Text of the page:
Voice of the consumer: Insurance claims during a pandemic -- and where’s Katie?
Our 11 News Call For Action team pens a weekly column for our news partner The Gazette. Previous columns can be found here.
COLORADO SPRINGS, Colo. (KKTV) - It is a sign of the season: more hail. Last week’s storm brought back memories of the monster storm that hit the Colorado Springs area on Aug. 6, 2018.
If you lived here during that time, you probably remember it. The hail broke windows on homes, cars and even severely damaged the Cheyenne Mountain Zoo — forcing it to shut down for several days.
Thankfully, our most recent storm was not as bad, but it still left behind quite a bit of damage. Viewers sent us pictures and videos showing broken windows and dented cars.
Many people will now have to file insurance claims. But one big difference between the 2018 storm and this one: we’re in the middle of a pandemic.
I spoke with the Rocky Mountain Insurance Association to learn how the coronavirus outbreak will affect people filing insurance claims. The good news is the process should not really be that different.
Carole Walker, the executive director, told me people still need to contact their insurance companies and file claims as soon as possible.
If you’re nervous about doing an in-person claims inspection, don’t be. Walker said insurance companies are trying to do virtual meetings when they can. If you need to meet in-person with an inspector, Walker said they are on top of it.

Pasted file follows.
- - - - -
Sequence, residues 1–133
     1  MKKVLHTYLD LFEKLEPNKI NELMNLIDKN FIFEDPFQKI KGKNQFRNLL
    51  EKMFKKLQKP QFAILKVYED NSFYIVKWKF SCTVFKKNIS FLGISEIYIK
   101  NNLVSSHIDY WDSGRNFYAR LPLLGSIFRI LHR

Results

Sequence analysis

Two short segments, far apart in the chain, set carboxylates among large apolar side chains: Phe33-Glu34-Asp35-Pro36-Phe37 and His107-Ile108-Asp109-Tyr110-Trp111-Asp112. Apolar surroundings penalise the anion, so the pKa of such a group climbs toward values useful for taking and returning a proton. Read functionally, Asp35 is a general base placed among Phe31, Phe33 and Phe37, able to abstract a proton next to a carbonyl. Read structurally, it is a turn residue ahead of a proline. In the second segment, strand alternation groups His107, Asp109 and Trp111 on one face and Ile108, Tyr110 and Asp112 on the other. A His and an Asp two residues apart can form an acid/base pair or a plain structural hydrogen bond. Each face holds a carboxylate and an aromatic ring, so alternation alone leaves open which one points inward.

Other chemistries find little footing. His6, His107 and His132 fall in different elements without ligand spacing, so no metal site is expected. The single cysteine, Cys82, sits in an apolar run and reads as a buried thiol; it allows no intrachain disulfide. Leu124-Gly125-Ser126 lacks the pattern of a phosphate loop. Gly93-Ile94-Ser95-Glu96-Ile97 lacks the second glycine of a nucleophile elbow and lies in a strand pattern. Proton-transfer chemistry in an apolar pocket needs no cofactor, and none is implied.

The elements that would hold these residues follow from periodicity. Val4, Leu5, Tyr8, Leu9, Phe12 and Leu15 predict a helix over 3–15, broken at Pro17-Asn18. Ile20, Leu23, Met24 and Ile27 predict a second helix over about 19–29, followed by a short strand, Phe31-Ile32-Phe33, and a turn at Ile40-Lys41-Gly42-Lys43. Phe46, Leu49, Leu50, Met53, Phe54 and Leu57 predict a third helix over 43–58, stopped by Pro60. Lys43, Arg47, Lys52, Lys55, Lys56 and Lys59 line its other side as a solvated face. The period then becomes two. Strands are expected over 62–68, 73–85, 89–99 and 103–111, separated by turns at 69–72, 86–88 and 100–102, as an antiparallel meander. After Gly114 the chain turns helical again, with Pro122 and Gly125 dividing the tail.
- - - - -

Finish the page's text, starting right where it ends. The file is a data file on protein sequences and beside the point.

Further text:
“Insurance companies have safety precaution protocols in place that will help ensure customer claims service while maintaining proper health and social distancing guidelines,” Walker said.
She also said the claims process could be faster than normal if it’s done virtually, but there may be some slowdowns when getting the actual repairs, since so many people are in the same boat.
When it comes to finding a contractor to fix your damage, you have to be careful. Walker said there could be more people trying to capitalize on the misfortune of others.
“Past trends during economic downturns have shown us that fraud and property crimes rise when financial hardship is highest,” Walker said. “We see it after every storm here in Colorado, where unscrupulous contractors go door to door to try to get victims to let them repair their roofs or other hail damage.
“With the arrival of COVID-19, we could see new twists on traditional scams that prey on property owners using high-pressure sales tactics from fraudulent contractors.”
Earlier this summer, I spoke to the Pikes Peak Regional Building Department about what to watch for so you don’t fall for a scam.
The most important thing is to find a reputable contractor. Make sure to research the company, check reviews online and ask friends and family for recommendations.
Then check the department’s website at www.pprbd.org. That website will show which contractors are licensed and in good standing with the county. Remember, if a contractor asks you to pull a permit yourself, that’s a red flag.
Also, before the work begins, make sure you have a contract that details what will be done and how much it will cost. Make sure to read it over carefully before signing the agreement. For more information, you can call the Pikes Peak Regional Building Department at 719-327-2880.
Many of you might be wondering where Katie Pelton is this week. I recently joined her on our 11 Call for Action team, so you’ll be hearing from me more as Katie and I split responsibilities. Our Call for Action hotline is still closed because of the pandemic, but you can always report scams and fraud to the Colorado Attorney General’s Office at 800-222-4444.
Click here to read the original column on gazette.com.
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